The ExoMars Trace Gas Orbiter entered the Martian atmosphere in October 2016. Almost two years later, it’s finally manoeuvred itself into a position to begin its two mission directives: Sniff out Mars’ atmosphere for some gnarly fart clouds and take some dope space pics. The spacecraft achieved a nearly circular orbit, roughly 249 miles (400 kilometres) above the red planet’s surface, the perfect altitude to begin probing the planet’s atmosphere for signs of methane, the same gas humans release after one too many tacos. But before it starts probing for stinky gas, scientists at the European Space Agency and Roscosmos tested out the orbiter’s Color Stereo Surface Imaging System (CaSSIS). The result was a stunning panoramic shot of a 25 mile (40 kilometres) segment of the Korolev Crater located high in the planet’s icy northern hemisphere. The image was created by merging three images of different colours taken on April 15.
“We were pleased to see how good this picture was given the lighting conditions,” Antoine Pommerol, a member of the CaSSIS science team working on the calibration of the data, says in a statement. “It shows that CaSSIS can make a major contribution to studies of the carbon dioxide and water cycles on Mars.” Aside from this sweet space camera, ExoMars has a spectrometer onboard that it will use to scan the molecules in the Martian atmosphere. Distinct gases absorb sunlight. Differently, this provides the orbiter with a unique fingerprint for each of the chemicals in encounters. It’s going to be specifically looking for evidence of methane and carbon dioxide, which could be signs of active geological or biological activity taking place on Mars.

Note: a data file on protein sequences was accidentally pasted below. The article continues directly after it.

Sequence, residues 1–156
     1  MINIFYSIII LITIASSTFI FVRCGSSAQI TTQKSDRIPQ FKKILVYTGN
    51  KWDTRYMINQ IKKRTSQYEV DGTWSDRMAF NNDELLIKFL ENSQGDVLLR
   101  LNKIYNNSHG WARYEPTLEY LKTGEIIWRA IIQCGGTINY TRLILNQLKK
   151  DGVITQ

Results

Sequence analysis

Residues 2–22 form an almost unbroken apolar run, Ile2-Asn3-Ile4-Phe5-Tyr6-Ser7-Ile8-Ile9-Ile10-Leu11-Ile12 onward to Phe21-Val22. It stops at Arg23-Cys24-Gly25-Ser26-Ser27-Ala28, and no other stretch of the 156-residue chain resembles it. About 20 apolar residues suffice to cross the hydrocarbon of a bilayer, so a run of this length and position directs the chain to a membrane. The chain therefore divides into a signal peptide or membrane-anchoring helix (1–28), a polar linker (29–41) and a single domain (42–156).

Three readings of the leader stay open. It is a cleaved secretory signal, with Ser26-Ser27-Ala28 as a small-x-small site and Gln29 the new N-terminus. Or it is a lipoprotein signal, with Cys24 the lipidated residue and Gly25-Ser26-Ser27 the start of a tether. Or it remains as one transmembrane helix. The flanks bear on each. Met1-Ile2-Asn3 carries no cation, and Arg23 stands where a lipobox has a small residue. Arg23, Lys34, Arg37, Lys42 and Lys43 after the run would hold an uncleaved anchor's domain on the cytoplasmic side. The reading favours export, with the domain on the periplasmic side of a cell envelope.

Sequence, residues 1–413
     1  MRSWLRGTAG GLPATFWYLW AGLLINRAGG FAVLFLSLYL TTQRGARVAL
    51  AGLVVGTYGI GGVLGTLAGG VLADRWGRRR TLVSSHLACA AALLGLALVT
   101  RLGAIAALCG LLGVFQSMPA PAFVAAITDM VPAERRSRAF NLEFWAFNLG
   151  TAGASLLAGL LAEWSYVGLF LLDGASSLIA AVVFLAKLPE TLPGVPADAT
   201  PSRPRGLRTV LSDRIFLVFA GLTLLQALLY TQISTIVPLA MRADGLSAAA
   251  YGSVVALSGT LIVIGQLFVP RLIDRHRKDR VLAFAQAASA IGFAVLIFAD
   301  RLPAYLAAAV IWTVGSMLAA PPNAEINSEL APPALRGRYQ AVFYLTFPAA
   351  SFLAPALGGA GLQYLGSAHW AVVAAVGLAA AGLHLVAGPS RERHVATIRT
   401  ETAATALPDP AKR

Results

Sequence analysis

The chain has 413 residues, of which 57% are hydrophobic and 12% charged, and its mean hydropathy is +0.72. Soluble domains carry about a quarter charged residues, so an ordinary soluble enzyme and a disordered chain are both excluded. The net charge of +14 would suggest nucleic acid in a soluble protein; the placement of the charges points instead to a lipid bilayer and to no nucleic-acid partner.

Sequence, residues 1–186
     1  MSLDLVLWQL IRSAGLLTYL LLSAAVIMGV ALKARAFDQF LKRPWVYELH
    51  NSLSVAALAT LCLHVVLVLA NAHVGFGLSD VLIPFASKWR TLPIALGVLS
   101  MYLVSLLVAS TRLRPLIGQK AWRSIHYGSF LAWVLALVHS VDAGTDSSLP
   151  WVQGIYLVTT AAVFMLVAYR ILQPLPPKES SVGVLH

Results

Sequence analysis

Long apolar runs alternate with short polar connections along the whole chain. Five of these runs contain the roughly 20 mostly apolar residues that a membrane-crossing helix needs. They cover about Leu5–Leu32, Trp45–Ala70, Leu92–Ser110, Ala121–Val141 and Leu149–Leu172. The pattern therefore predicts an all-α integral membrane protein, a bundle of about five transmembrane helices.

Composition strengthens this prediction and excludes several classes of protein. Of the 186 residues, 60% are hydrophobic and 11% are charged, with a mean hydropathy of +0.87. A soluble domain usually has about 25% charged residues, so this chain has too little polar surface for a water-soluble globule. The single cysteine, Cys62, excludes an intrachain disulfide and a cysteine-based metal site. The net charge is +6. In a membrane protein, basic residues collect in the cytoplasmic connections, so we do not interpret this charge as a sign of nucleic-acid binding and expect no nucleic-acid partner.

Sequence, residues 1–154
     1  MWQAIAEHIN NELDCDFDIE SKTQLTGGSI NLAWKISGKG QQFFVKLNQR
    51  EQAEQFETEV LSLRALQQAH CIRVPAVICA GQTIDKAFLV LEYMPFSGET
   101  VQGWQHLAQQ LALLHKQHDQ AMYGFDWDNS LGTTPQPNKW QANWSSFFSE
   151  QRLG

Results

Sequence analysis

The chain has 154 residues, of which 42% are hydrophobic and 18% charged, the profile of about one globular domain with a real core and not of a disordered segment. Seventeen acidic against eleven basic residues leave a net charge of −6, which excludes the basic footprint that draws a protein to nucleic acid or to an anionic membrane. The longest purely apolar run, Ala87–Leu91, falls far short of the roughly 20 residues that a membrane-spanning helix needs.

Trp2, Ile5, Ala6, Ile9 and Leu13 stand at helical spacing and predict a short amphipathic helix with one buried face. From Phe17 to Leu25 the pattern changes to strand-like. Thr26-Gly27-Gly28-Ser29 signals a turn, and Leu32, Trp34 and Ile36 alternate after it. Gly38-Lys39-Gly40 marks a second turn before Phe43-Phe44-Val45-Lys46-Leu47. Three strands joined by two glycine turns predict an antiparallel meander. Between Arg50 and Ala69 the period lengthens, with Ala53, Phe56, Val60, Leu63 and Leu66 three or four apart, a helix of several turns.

The orbiter will be able to quickly beam data from the images it takes and gases it detects back to scientists on Earth. From there they will try to characterise features on the surface that may be related to traces of certain chemicals in the atmosphere. This ExoMars mission is expected to last roughly five more years. So get ready for some more eye-popping images of the red planet — this orbiter is just getting started.
Credit: Danny Paez for Inverse, 1 May 2018.